There is a noticeably clear moral direction we must take here. Christians need to look at things through the eyes of Jesus. The way He saw the Samaritan, Leper, prostitute, short overweight tax collector, the marginalized. He treated them all as brothers and sisters – all God Privileged. We don’t have the means nor the authority to judge others.
The Casuistry Way is a Jesuit method of moral reasoning forged by St. Ignatius 500 years ago. It means that you don’t approach a problem with a set of principles. Instead, before pursuing any outcome, one needs to see the problem correctly. The Casuistry Way asks us to follow these three steps:
- Set aside our principles
- Descend into the particulars
- Listen closely
all to offer consolation to those who are suffering.
The phrase “descending into the particular” is from St. Thomas Aquinas. Aquinas stressed, the more we descend into detail, the more we realize that principles and deductive reasoning don’t easily function. We will need a lot more, presumably, the virtue of wisdom. Wisdom to fight to give every human being the dignity and resources they deserve. Wisdom to seek the grace of prayer, the grace of empathy, and the grace of just mercy.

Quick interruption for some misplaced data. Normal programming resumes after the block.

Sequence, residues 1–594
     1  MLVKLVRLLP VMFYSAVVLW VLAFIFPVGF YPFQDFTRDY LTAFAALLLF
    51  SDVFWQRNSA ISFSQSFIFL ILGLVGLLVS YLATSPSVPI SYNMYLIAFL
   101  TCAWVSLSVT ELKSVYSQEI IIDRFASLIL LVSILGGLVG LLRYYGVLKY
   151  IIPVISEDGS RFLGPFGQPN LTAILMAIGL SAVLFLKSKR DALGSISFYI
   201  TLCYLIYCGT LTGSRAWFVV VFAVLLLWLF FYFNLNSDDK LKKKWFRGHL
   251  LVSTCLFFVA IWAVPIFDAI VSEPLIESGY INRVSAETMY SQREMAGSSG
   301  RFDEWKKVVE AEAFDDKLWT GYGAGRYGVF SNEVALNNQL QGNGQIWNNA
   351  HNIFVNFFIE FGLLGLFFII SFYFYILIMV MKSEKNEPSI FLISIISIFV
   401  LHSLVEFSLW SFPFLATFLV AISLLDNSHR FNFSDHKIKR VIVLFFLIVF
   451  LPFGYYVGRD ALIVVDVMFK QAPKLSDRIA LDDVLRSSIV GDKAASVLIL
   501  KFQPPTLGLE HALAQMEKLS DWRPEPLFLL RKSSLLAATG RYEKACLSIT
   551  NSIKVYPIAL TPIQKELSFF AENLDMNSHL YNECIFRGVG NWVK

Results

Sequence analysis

“It’s okay to talk to God about your problems, but at some point, you have to flip the script. You need to talk to your problems about God.” Mark Batterson
We can’t change the past, but we have a choice about the future. But that choice requires seeing the problem correctly, without filters, and through the eyes of Jesus.